On 15 June 2018, Transport for London (TfL) confirmed its intention “to award Siemens Mobility Limited a contract of around £1.5 billion to design and build 94 new generation Tube trains that will transform the experience of millions of Piccadilly line customers”. The plan is to build the trains at a new factory in Goole, East Yorkshire, which will employ 700 people.

In general, after such an announcement, there is the mandatory 10-day standstill period during which both parties say nothing. The technical details of the new trains will probably emerge just after this issue of Rail Engineer goes to press. In the meantime, what can we expect to see?

The press release mentioned longer, walk through trains and air conditioning, and the accompanying illustration showed all double doors. These features were outlined in TfL’s 2014 New Tube for London (NTfL) Feasibility Report which showed clearly that an articulated configuration needed to be adopted to enable those facilities.

The report stated: “NTfL has identified that it is possible to provide an inter-car gangway by altering the Tube train design to incorporate an articulated configuration with more, shorter carriages. By positioning the vehicle bogies under the ends of two adjoining cars, the relative vertical and lateral movement of the carriage ends is significantly reduced. This enables a shorter, wide gangway to be fitted without loss of train capacity or a reduction in the number of doors.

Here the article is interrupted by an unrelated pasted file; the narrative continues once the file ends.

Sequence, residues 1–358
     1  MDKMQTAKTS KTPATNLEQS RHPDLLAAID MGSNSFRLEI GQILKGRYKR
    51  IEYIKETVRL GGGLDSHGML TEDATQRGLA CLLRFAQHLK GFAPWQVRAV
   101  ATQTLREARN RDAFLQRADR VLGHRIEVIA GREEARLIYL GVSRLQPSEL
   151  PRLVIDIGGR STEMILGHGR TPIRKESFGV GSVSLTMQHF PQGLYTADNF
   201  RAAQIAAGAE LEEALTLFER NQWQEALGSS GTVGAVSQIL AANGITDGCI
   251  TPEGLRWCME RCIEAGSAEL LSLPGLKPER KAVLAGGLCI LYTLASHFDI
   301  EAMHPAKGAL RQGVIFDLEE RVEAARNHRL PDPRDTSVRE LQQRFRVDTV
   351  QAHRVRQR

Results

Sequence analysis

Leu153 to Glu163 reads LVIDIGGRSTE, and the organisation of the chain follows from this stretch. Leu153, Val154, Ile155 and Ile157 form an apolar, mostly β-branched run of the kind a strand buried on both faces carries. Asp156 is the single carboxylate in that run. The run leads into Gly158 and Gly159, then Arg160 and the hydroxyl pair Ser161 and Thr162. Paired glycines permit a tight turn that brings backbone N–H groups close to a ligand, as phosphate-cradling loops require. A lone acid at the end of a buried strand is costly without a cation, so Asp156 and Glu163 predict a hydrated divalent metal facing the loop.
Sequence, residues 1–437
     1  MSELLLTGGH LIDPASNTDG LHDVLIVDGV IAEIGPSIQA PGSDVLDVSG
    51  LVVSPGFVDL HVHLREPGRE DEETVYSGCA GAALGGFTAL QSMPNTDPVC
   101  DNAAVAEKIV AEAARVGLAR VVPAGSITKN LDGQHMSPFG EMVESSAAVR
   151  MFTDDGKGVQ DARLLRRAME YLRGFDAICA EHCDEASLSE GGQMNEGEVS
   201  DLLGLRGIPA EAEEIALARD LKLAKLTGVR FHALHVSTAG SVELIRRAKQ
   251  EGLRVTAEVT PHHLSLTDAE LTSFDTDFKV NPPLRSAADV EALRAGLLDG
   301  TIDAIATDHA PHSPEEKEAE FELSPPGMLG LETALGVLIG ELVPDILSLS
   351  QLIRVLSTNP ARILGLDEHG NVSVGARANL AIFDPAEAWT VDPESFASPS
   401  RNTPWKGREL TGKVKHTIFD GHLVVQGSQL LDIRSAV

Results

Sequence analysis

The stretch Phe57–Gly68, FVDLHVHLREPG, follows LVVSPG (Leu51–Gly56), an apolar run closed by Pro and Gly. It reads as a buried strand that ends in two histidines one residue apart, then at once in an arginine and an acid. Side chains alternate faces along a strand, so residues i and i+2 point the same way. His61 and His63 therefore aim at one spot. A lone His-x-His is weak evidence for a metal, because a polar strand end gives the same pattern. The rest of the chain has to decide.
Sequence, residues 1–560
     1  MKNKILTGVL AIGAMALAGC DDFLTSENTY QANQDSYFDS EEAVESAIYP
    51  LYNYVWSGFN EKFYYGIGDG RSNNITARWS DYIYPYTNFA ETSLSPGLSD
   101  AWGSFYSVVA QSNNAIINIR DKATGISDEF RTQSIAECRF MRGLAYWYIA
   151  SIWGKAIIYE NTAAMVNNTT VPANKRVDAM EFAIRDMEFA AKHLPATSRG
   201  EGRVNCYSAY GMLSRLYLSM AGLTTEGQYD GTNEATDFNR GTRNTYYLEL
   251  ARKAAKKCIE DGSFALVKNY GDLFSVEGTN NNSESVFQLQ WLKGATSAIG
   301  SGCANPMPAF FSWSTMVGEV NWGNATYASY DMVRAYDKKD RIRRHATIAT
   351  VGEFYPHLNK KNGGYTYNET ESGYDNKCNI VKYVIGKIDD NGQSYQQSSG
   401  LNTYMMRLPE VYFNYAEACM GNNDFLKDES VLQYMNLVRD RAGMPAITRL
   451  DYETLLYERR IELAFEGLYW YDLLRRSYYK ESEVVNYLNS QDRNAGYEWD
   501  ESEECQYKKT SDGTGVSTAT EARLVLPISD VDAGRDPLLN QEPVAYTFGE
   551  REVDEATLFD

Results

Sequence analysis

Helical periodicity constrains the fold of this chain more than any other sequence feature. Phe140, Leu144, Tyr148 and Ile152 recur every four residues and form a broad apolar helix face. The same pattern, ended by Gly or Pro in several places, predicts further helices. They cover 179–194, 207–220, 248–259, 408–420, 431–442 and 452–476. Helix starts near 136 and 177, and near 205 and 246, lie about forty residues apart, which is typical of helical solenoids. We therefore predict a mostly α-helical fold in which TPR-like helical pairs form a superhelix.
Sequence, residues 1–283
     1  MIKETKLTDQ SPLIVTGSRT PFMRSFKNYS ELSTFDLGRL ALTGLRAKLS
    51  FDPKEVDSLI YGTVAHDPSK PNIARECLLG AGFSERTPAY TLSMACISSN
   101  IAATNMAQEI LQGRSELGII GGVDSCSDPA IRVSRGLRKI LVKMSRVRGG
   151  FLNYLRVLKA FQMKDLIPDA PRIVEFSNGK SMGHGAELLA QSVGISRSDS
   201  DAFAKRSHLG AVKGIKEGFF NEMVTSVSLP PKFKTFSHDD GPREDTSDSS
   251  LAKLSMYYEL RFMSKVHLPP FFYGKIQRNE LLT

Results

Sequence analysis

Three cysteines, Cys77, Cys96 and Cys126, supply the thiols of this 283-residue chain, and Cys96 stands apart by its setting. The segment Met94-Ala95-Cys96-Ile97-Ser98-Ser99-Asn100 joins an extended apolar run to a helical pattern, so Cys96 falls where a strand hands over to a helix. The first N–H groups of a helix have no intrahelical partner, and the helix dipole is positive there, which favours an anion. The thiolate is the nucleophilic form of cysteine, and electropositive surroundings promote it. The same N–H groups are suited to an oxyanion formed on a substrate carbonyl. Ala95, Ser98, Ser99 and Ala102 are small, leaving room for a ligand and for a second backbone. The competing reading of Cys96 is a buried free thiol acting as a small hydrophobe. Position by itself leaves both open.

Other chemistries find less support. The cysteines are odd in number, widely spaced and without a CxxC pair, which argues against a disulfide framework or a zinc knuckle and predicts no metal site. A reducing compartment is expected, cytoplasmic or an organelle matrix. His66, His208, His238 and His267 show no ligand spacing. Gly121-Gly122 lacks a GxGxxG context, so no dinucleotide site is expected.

“The repositioning of the bogies allows all train doors to be double doors. Double doors allow for rapid access and egress which reduces dwell times. Controlling dwell times becomes a dominant factor for achieving high frequency service levels…”

An articulated layout also delivers a train with fewer bogies for a given train length, providing additional under-floor space for the air conditioning equipment.

It seems highly likely that an articulated layout has been chosen and Rail Engineer’s view is that the Piccadilly line trains will have 10 cars.

What other features might be delivered? There are some items that are shared by all modern tube trains and it is reasonable to assume that the following will be features:

Most axles motored to deliver Victoria line traction and braking performance but with 100km/h top speed which will require motorised articulated bogies;

Electrically powered doors with obstacle detection and sensitive edges;

Modern electronic train control with a monitoring system including data and events streamed to the depot for alerts about equipment with performance deviating from the norm;

Interface for TfL’s chosen automatic train control (ATC) – Alstom, Siemens and Thales are on the shortlist;

Provision to enable conversion to driverless operation in the future.

More speculatively, there might be a means to independently power a train to the next station, possibly using the auxiliary battery, in the event of traction power loss.

But the big news is expected to be the articulated layout, breaking the tradition started over 80 years ago with the first tube trains with all the equipment under the floor – the 1935/1938 tube stock, which is still in use on the Isle of Wight.


Read more: Rail Engineer July 2018 – An interview with Network Rail’s stations director and the Rail Partnership Awards return